PR

Three New Year’s PR resolutions for 2018

Three New Year’s PR resolutions for 2018

January is the perfect time to take stock of our PR performance and brainstorm new ways to improve. But while I’m terrible at sticking to New Year’s resolutions in my personal life, here are three professional ones I’m determined to keep. 

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Where next for CSR?

Where next for CSR?

If there was one keyword that stood out more than any other at the CIPR (Chartered Institute of Public Relations) National Conference 2017, it was ‘meaning’. It might seem rather naïve or insincere to talk about businesses existing to make the world a better place. After all, it’s still money that makes the world go around. But in 2017, evidence suggests that commercial success is becoming increasingly tied up with having meaning or a social purpose.

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Death of the writer?

Death of the writer?

According to Forbes magazine, 87% of online marketers now use video content to aid their promotional campaigns. When you look at the figures, it’s hardly surprising. Over the past decade, there has been a significant shift in the way people absorb information. Social media, YouTube and mobile apps have made content shorter, snappier and, most importantly, more visual. It has been recorded that one-third of online activity is spent watching video and that 45 percent of people watch more than an hour of Facebook or YouTube videos a week.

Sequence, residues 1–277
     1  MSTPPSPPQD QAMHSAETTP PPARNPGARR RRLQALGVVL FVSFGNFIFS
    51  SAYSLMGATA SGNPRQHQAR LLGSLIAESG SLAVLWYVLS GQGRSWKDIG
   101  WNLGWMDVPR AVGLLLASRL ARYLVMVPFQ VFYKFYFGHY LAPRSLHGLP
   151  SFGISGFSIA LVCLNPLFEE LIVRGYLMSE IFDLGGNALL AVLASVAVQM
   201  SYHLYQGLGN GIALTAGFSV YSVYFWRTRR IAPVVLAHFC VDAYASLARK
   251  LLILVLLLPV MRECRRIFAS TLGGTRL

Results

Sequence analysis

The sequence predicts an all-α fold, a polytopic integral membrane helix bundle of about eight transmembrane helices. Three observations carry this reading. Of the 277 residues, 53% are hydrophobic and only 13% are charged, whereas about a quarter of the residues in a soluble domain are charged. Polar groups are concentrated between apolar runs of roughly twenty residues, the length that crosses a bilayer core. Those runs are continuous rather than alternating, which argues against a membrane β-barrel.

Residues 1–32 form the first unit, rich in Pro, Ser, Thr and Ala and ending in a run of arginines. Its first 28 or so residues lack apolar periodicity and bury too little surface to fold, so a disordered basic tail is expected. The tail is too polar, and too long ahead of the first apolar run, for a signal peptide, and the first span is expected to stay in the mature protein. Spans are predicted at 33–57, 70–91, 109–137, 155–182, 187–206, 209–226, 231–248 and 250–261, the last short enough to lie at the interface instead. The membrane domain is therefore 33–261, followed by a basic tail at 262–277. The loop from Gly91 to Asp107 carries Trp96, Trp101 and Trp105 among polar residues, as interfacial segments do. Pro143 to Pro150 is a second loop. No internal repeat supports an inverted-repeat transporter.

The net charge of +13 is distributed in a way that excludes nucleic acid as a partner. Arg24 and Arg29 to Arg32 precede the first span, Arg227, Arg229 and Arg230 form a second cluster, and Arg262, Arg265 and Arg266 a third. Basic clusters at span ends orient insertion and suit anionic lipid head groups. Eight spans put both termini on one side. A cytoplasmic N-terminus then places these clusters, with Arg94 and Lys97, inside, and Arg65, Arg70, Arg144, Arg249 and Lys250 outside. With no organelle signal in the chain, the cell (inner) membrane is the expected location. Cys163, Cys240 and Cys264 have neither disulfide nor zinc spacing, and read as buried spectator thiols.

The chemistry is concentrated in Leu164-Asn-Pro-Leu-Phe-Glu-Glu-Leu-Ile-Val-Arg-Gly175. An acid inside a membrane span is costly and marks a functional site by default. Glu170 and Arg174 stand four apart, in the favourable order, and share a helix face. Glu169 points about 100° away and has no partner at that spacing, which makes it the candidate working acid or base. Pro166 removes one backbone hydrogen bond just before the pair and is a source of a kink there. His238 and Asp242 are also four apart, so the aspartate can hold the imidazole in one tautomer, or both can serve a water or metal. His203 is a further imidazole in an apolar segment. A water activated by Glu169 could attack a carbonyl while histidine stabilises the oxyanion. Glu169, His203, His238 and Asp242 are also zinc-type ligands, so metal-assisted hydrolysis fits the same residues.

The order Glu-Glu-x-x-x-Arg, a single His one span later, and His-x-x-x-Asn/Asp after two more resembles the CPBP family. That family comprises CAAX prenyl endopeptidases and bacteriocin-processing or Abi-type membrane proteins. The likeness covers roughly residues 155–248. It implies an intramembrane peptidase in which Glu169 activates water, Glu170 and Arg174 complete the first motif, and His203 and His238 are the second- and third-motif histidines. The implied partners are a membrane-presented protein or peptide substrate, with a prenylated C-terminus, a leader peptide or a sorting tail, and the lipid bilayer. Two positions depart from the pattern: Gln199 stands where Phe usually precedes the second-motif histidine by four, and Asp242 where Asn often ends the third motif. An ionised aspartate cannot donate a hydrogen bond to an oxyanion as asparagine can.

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Is PR measurement suffering from KPI overload?

Is PR measurement suffering from KPI overload?

PRNews recently published an article that has got us talking here at SE10, ‘Google Says PR Measurement Is About Quality Over Quantity’. When we talk about ‘quality’, we’re really looking for measurements beyond hard numbers and that have real world value beyond KPIs.

Of course, hard numbers and KPIs are valuable – they help us measure messaging and other data such as Share of Voice and Ad Value Equivalency. But they are not the only or best measurements and there’s a limit to the value that comes from this data. A lot of what we do in PR simply cannot be measured in hard numbers. As an example, if a customer is influenced enough by a story to make a purchase, that can’t easily be quantified and reported in an Excel sheet, leaving out an important element of the impact of brand building.

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How SE10 pitches the national media

How SE10 pitches the national media

The bar for national coverage is much higher than trade news. Company news is not enough. In today’s dizzying media landscape, we must package the story to leap over the ‘news bar’.

With several years of national media experience as journalists, we apply the same scrutiny, standards and contextual thinking as when we wrote stories for outlets such as BusinessWeek, Fast Company, Time Magazine and more.

It’s all in the packaging and presentation. We giftwrap the story. Nothing happens in a vacuum. It’s important to present a company as part of an informational ecosystem.

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